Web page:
It really does get same old, same old, writing recaps of another dully played Cubs defeat. So here's a photo of a cute kitten:
Anyway, the most interesting thing about this game is the story of how Dale Sveum (and James Russell) were ejected: Donnie Murphy had been called out for swinging at a pitch in the dirt. It was borderline whether that was a swing or not, but the Cubs were down 6-1 at the time and the umpires probably were as eager to get out of town as the Cardinals. Russell must have been on plate umpire Phil Cuzzi from the bench and that's what got him tossed; Cuzzi still had the ball that bounced in his hand. He flung it rather disgustedly at the dugout; that's what brought Dale out, animatedly so. I found myself wishing he'd have pulled a Lou Piniella and gone and taken a base and flung it into the outfield or brought it into the clubhouse or something, because at least that would have been more entertaining than the game.
But that's not Dale. He didn't. Not that it would have changed the result of the game, but man, these are getting boring. It's getting to the point where the Cubs even scoring a run at home is cause for celebration, so let's celebrate a two-out David DeJesus walk and a run-scoring double in the gap by Junior Lake. That was it for Cubs crossing the plate today, or, in fact, any time since Friday.
Meanwhile, Edwin Jackson had an Edwin Jacksonian start, the ones that make you want to look away at every pitch. You certainly have plenty of time to do that, because he's about the slowest worker this side of Steve Trachsel. Somehow, Jackson got his ERA to go down -- it's under 5.00 for only the fourth time post-start this year -- but that's only because Lake dropped a lazy fly ball that probably would have gotten Jackson out of the second inning with only one run scoring. Instead, Matt Carpenter hit a two-run single to make it 3-0 and we all probably could have gone home (or, in your case, you could have turned the TV off) after that.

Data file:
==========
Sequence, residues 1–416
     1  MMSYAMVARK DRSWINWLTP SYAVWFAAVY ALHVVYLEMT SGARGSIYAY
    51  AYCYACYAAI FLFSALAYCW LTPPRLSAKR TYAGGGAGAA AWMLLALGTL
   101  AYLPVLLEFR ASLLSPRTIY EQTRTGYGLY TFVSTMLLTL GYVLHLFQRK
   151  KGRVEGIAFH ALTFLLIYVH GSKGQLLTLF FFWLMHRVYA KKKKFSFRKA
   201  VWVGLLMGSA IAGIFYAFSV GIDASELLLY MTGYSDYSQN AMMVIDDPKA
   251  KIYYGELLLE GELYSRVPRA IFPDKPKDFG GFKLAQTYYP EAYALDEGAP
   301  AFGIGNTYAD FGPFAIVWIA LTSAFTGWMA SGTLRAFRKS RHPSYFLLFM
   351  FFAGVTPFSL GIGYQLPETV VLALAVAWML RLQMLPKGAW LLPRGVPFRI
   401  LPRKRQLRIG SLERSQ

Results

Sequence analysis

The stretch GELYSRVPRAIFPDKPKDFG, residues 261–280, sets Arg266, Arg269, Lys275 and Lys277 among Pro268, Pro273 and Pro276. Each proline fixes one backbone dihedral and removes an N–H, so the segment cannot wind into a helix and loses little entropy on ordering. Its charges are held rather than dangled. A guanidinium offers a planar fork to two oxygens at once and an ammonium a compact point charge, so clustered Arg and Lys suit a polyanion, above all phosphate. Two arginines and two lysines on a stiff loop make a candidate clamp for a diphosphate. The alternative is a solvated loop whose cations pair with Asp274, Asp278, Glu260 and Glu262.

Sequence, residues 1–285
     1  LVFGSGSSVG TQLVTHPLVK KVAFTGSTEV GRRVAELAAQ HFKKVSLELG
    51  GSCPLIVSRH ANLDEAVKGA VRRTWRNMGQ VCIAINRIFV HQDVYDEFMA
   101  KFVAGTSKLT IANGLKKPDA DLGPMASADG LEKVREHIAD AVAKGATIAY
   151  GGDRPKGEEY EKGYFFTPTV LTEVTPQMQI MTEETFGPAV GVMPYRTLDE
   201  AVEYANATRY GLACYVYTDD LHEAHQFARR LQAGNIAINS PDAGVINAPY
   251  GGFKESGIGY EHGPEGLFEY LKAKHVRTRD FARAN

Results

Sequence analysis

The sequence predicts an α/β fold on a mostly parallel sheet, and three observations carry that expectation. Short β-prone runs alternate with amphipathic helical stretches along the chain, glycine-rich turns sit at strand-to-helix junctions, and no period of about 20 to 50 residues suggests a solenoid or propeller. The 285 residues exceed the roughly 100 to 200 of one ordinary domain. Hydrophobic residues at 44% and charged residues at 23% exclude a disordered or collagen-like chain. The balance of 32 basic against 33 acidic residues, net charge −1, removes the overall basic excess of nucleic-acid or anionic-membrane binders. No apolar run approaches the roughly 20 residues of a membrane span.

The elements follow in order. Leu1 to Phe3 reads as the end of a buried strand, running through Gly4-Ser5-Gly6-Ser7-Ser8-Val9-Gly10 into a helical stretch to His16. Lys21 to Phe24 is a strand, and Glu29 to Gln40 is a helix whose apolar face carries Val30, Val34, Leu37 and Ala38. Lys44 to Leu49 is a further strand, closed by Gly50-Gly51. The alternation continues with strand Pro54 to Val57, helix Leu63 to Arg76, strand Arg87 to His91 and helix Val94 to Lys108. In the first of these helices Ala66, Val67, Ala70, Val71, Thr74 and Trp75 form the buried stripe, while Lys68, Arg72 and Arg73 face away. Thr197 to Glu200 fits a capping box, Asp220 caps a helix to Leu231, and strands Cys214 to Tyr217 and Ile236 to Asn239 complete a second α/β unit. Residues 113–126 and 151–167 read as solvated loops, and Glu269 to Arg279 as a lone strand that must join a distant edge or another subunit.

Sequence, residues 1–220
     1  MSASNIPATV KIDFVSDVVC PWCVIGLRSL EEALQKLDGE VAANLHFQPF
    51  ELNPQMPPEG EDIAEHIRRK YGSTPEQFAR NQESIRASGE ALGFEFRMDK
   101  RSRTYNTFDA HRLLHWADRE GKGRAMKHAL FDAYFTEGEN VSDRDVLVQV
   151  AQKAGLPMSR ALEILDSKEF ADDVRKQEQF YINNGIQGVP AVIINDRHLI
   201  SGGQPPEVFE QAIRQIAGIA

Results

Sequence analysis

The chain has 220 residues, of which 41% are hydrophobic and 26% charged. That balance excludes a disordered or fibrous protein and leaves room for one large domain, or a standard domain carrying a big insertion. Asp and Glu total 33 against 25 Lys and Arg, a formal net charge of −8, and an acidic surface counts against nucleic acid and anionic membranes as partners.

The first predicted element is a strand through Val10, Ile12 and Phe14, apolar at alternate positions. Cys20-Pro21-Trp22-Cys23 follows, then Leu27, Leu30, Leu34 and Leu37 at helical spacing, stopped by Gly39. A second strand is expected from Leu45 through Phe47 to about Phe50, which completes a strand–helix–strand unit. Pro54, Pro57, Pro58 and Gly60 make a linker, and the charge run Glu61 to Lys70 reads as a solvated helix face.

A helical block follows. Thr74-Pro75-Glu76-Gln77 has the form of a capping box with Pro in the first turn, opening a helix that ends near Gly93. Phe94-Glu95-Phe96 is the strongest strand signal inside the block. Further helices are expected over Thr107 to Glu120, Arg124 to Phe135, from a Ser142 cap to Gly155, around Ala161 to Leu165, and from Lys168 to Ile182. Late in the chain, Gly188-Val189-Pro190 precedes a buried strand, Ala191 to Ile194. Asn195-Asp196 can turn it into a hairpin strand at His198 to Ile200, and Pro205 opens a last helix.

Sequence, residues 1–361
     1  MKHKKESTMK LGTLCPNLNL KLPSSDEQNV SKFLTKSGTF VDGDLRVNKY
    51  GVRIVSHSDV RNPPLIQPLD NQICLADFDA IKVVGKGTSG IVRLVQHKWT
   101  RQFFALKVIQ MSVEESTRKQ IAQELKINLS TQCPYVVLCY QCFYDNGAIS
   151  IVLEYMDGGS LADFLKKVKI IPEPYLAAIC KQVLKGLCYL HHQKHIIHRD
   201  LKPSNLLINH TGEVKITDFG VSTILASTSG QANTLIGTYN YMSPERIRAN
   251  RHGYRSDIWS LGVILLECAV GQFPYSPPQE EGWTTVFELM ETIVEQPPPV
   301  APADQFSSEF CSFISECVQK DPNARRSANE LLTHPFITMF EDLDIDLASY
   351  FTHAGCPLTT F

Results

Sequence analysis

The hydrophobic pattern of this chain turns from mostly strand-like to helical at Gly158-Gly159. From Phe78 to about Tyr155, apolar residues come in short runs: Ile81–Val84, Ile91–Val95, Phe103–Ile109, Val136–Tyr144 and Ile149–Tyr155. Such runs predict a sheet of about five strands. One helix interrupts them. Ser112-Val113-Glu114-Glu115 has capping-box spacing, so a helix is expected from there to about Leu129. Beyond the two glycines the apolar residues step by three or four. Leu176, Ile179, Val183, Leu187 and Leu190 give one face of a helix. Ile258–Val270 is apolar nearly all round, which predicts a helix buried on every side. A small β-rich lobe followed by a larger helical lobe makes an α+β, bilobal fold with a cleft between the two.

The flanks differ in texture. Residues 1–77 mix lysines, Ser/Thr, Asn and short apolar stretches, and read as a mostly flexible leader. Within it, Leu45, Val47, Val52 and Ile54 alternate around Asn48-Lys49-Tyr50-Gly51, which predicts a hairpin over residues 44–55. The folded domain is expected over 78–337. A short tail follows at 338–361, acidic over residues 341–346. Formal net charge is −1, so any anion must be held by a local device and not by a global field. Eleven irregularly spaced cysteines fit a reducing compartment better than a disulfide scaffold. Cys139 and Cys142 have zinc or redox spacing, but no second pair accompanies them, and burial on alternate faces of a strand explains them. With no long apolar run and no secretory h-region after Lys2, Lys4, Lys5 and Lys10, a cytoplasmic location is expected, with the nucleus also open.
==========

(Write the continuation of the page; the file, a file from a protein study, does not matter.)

Still, the DeJesus-Lake combo made it 3-1 and there was a tiny glimmer of, "Hey, maybe," but the Cubs' bullpen took care of that in the seventh. Carlos Villanueva gave up a walk and a loud double, and then Russell was summoned to face Jon Jay. Platoon advantage and all, don'tcha know.
That worked real well. Jay hit a three-run homer off Russell to put the game out of reach.
The Cubs did manage to get two runners on in the seventh before Adam Wainwright struck out the side, and a runner on third with one out in the eighth before a really bad send on a fly ball to Matt Holliday by Anthony Rizzo; DeJesus was thrown out easily trying to score, ending that inning. And then, with two out in the ninth, Trevor Rosenthal, who had been summoned because he hadn't pitched since last Thursday and it seems as if opposing managers are using these games against the Cubs as spring-training-type affairs, issued two walks.
All that did was increase the Cubs' left-on-base total to seven when Darwin Barney lofted a soft fly ball to center field to end it. The Cubs were 0-for-6 with RISP. This isn't an unusual occurrence, as you know. The final score, as you also know, was Cardinals 6, Cubs 1.
Rizzo continued his slump, dropping to .230 with an 0-for-4. I asked Mike, "If .200 is the Mendoza Line, what's .230?" We decided we'll call that "The Kingman Line." Rizzo's in danger of dropping below that.
Even with this loss and all the shutouts, the Cubs' run differential stands at -49, which keeps their Pythagorean win projection three wins ahead of their actual record. The 70th loss of the season puts the Cubs on pace for 92 losses. That would make this their third straight 90+ loss season.
You might think you've lived through some bad Cubs baseball, but only people my age or older have seen that before. The last time the Cubs lost 90 or more games three years in a row was 1960, 1961 and 1962.
Hope you liked the kitten.